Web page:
Your prenatal vitamins might already include iron, or your OBGYN may add a separate iron supplement.
Despite having a nutritious diet, you should likely take a prenatal vitamin (ideally starting 3 months before conception), so you can fill any gaps and ensure you are getting all the key nutrients. Consult your doctor to keep a note of the exact dosage that will work best for your body.
What to Avoid:
- Soft cheeses: Please avoid any soft cheeses such as brie, feta, gorgonzola, goat cheeses as they can contain listeria.
- Raw or uncooked meat: Meat that is undercooked, especially sausages and minced meat, may be harmful to your health. Make sure to avoid any cold cuts too.
- Raw seafood or fish with mercury: Please avoid fish that often have high level of mercury such as swordfish, king mackeral and tilefish as mercury is linked to development delays. Avoid chilled seafood such as raw oysters, sashimi and sushi unless the sea food is fully cooked.
- Raw or partially cooked eggs: Ensure that your eggs are thoroughly cooked. Do watch out as raw eggs can also be found in salad dressings, sauces and mayonnaise.
- Unpasteurized milk: Make sure the milk you consume is pasteurized to avoid the risk of listeria.
- Unwashed produce: Please make sure you wash off all fruits and vegetables properly especially those that are known to have high dose of pesticides (e.g., apples, strawberries)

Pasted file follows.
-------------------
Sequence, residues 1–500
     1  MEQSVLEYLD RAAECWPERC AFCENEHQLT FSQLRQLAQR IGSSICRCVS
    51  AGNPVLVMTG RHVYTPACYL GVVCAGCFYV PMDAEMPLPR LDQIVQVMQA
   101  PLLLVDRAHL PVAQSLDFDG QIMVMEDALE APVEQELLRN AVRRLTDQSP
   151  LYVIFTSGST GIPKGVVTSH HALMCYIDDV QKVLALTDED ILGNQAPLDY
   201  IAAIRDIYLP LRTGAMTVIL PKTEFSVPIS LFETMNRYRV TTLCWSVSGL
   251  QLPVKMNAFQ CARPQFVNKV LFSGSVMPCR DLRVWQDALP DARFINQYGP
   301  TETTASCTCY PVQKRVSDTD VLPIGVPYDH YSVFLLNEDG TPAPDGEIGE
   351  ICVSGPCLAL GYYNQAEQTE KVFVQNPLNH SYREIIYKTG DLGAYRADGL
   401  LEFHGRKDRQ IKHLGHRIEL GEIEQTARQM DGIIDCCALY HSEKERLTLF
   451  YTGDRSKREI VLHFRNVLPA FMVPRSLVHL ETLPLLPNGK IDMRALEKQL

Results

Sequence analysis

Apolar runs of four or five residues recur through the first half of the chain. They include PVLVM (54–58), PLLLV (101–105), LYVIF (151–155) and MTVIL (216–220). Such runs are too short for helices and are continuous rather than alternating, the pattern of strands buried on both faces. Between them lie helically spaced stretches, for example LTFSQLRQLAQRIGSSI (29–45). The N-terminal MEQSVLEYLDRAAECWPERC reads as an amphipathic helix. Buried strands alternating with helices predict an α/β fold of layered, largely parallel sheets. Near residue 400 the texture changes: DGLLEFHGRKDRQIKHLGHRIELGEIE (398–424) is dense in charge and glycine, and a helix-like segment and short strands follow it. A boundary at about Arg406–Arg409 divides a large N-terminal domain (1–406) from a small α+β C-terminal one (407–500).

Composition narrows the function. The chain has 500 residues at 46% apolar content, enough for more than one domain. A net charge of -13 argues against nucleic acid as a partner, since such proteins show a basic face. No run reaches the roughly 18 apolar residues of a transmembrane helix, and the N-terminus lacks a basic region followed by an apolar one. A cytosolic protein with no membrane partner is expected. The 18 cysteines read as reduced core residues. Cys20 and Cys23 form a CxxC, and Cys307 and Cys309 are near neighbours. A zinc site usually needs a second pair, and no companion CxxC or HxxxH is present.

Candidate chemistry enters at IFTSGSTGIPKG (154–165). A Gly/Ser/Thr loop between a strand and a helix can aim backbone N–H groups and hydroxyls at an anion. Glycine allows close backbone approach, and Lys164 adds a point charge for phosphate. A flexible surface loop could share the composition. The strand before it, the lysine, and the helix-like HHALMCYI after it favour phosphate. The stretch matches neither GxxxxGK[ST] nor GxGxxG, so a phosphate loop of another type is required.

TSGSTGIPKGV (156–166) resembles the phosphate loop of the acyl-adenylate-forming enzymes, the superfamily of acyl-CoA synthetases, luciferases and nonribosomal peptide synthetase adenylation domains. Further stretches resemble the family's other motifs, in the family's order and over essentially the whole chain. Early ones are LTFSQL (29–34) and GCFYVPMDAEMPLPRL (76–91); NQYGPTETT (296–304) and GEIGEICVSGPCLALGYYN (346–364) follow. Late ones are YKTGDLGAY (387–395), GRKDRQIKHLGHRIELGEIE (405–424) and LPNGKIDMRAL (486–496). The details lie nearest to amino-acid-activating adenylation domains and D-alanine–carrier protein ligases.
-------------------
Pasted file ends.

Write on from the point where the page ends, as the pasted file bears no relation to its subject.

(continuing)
- Alcohol: There is no level of alcohol that is considered safe during pregnancy. They are not considered the safest for your baby’s growth. Experts say that it may even lead to miscarriages.
- Caffeine: You do not need to cut this completely, but do limit the intake (recommended is 200 mg per day).
As your body changes, you may face some issues in the early days. Here are some tips on what you can make your journey easier:
Beating morning sickness/nausea: Best way to deal with this is to eat smaller, more frequent meals. Stay away from strong smells that would make your nausea worse. Also avoid spicy, greasy food; you would generally feel better with bland food. Food such as crackers, anything ginger (such as ginger tea, or candy), lemon, flavoured popsicles or even lollipops help ride off the feeling.
Dealing with constipation: Due to higher levels of hormone progesterone, you may experience constipation. Your prenatal or iron supplement may make it worse. Remember to increase your fiber intake and drink plenty of water or other fluids for some relief.
Cravings: It’s fine to indulge in your cravings. Eat your favourite slice of cake or order something you have been craving for, and instead focus on managing the portion. You could look for different recipes that could help you make your favourite pizza or fried food in a healthier way. For instance, instead of deep-frying your food, sauté it lightly. Finding different ways or alternatives to eating healthily and happily is key.
Always hungry: Make sure you plan to have some healthy snacks around you for when hunger pangs hit unexpectedly. Some easy options are figs, nuts, dates, prunes, fruits or yogurt.
So, if this is your first trimester of pregnancy, worry not, for you and your little one will find your way through this journey. Most importantly, make sure you have fun all the way, and make some memories you will cherish.
If you are ready to prep for your baby, we are as excited as you are! Check out some of our baby bedding and other stylish essentials that are comfortable for your bundle of joy. Prepare yourself for a journey of ups and downs and you will reach your happy place with your family in no time!